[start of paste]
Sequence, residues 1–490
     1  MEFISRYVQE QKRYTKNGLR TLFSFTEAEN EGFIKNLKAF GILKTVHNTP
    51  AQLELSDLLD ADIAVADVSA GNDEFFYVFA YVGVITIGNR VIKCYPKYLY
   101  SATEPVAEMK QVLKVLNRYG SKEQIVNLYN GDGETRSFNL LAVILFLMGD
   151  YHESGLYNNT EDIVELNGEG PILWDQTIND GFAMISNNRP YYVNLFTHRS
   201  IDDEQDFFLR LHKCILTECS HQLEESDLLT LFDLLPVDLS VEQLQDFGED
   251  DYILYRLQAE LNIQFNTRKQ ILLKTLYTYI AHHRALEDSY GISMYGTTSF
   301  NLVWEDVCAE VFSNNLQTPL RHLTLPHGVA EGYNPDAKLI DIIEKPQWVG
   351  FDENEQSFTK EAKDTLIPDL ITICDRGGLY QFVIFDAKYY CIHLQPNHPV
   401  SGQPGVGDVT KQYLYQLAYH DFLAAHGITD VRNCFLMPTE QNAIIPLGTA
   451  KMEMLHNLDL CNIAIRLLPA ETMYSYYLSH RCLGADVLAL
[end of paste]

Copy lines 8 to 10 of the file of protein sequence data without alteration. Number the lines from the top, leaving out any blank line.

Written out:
   301  NLVWEDVCAE VFSNNLQTPL RHLTLPHGVA EGYNPDAKLI DIIEKPQWVG
   351  FDENEQSFTK EAKDTLIPDL ITICDRGGLY QFVIFDAKYY CIHLQPNHPV
   401  SGQPGVGDVT KQYLYQLAYH DFLAAHGITD VRNCFLMPTE QNAIIPLGTA